It’s already Friday and whenever we have a long weekend, it always takes me a day or two to re-adjust my mind to what day it really is.  Well, Friday works for me, and the weather outlook for this weekend is just so-so.  Saturday promises no rain, but no sun either, and we’ll have a rainy Sunday, with those raindrops lingering into Monday morning.  Sigh.

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I’d like a redo of Summer please.


Summer has really gotten on my  nerves and I wish we could just rewind to Memorial Day weekend and give it another go.  I’ve spared you my most-recent weather whining and instead grumbled to myself, or to other Summer 2018 malcontents, who similarly whined about their hot, humid or rainy weather woes.

I wanted to write a post on Labor Day about a longtime bucket list item of mine, doing the five-mile walk across the Mackinac Bridge, but a succession of storms on Monday had me shutting down my computer repeatedly, so I finally just gave up, unplugged and went to bed.  I’ll hold that thought ‘til Labor Day 2019 if you don’t mind.

But I’ve been here … just not writing about my morning trips.  Heck, I figured you didn’t want to hear about how I am lurking in the frozen food aisles, amongst the Klondike bars and the Totino’s pizza rolls.  Once in a while, I’d sidle past the canned peas or creep around the Halloween candy just to keep the trek fresh and interesting.

While the grocery store has provided an outlet to escape the oppressive heat and humidity, this morning I decided to return to Council Point Park … it was only 68 degrees, and I was more than ready for a meet-and-greet with the furry darlings, and besides, I have to monitor whether the baby snapping turtles have emerged from their nest yet – according to my calculations, it should happen this week.

But a trip to the Park didn’t happen AGAIN.  I was laden down with peanuts, and to err on the side of caution, carrying my big umbrella.  I only made it to the end of the driveway when the rain started.  I turned and stomped back into the house, foiled again by Mother Nature.

So … what do I do?

Perhaps I could write an editorial to The New York Times to air my grievances?  We know the power of the press works for some people.

I doubt there is a customer service number for Mother Nature.  I can’t ask Siri, but Google could certainly help me out … Google knows everything.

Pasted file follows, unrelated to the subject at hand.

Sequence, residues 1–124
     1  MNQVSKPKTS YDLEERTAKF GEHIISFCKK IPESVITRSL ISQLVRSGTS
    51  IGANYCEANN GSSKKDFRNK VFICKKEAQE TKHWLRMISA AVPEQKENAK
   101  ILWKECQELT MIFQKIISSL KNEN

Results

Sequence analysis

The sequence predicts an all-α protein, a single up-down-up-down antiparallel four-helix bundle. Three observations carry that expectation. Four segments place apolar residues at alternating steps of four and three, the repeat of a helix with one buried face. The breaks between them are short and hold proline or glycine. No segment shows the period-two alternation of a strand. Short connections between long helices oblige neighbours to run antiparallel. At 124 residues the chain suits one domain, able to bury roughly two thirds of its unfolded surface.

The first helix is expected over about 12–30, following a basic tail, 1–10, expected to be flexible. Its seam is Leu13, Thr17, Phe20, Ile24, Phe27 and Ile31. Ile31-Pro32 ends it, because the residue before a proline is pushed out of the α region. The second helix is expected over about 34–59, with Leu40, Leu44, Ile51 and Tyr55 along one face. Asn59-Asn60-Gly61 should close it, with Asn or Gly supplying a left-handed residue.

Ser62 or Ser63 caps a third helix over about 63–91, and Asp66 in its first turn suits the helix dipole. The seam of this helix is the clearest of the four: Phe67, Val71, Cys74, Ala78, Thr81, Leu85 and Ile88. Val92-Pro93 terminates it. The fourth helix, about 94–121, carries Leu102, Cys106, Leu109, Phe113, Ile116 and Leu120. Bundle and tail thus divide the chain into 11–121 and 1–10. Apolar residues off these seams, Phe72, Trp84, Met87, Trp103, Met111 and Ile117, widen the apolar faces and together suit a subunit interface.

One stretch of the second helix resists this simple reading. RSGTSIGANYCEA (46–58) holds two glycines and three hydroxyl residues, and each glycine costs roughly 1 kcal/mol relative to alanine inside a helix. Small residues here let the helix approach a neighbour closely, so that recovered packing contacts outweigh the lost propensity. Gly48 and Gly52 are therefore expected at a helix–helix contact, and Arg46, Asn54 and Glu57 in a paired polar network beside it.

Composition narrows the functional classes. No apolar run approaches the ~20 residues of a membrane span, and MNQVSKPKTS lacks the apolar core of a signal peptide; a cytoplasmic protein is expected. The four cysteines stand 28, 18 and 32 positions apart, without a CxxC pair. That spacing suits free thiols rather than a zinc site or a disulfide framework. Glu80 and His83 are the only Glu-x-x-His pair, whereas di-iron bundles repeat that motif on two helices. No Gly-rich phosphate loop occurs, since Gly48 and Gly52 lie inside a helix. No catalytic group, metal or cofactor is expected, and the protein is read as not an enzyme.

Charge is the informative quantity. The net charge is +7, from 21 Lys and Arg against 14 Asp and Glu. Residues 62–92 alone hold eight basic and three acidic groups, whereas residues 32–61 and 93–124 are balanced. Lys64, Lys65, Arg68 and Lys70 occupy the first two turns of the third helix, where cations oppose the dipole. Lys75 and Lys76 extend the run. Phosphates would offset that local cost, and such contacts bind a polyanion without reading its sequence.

The all-wise-and-wonderful Google provided me 586,000,000 results … these are names of companies or products.  (P.S. – Hey Mother Nature, you’d better check on these folks that they are not using your name without permission.)

Alas, Mother Nature has no toll-free number or an e-mail address, not even a “contact me” page.  She wants to dodge the snide remarks or criticisms … she is a smart cookie isn’t she?  But occasionally, there might be some praise, unless that goes solely to the weather folks?

So instead, I took out my aggressions on the keyboard, pounding those keys as I zipped off this post.  I mustn’t press down too hard on the keys because the letters, numbers and characters are already wearing off in some places.

We’ll try again tomorrow, and in the meantime, I’ll just trot off to work … that doesn’t require waiting on the bus in inclement weather, no umbrellas turned inside out or a snow-encrusted face when I walk in the door.  It won’t even be a bad hair day.  Nope, these days it simply means clicking open another tab and sitting here in my bunny slippers.

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Trail mix.

nature trail sign.jpg

I really look forward to my weekend excursions, when I can expand my horizons to explore a little more, take extra pictures, and I don’t have to be watching the clock to be back home for work.  So, yesterday I did a different type of morning meander.  Instead of walking solo, I decided to take a pair of organized nature walks through Lake Erie Metropark.  This is only my fourth time to visit this very large park and I thought it would be fun to explore the woodsy trails as opposed to walking along the Lake Erie shoreline and taking in the sights from there.

When I made the reservation for the “Coffee Club” I was told this group meets once a month and it is fun, informal and these same folks had been gathering for coffee and donuts, then setting out on a nature walk for about twenty years.  So, how cool is that … all these walkers and nature lovers – yup, it sounded right up my alley.

I left earlier than usual and the sun had just risen, a fiery ball of fire in the morning sky.  If only we could have skipped the heat and humidity, it would have been perfect, but at least it didn’t rain … well the rain event came later, thankfully.

I turned off West Jefferson into the sprawling Lake Erie Metropark grounds.  There were at least two dozen Canada geese and some goslings grazing by the road.   It was such a peaceful sight.  As I traveled the long and winding road to get to the Marshlands Museum, in the still-dim light I saw a doe about thirty feet ahead of me.  How I wished I could have whipped out the camera and got its picture, but it paused for just a second, then loped away and disappeared into the nearby brush.  So, that little bit of nature nirvana made my day.  I don’t think I’ve seen deer in the wild, since we visited Algonquin Park when I was a youngster.  I would later learn that the deer was not scampering across the road to provide me a potential photo op, but instead many people are feeding them corn, so the deer contingent hopes that the next carload of visitors to the Park may be providing them breakfast.   (Actually, feeding any of the Park’s critters is forbidden here.)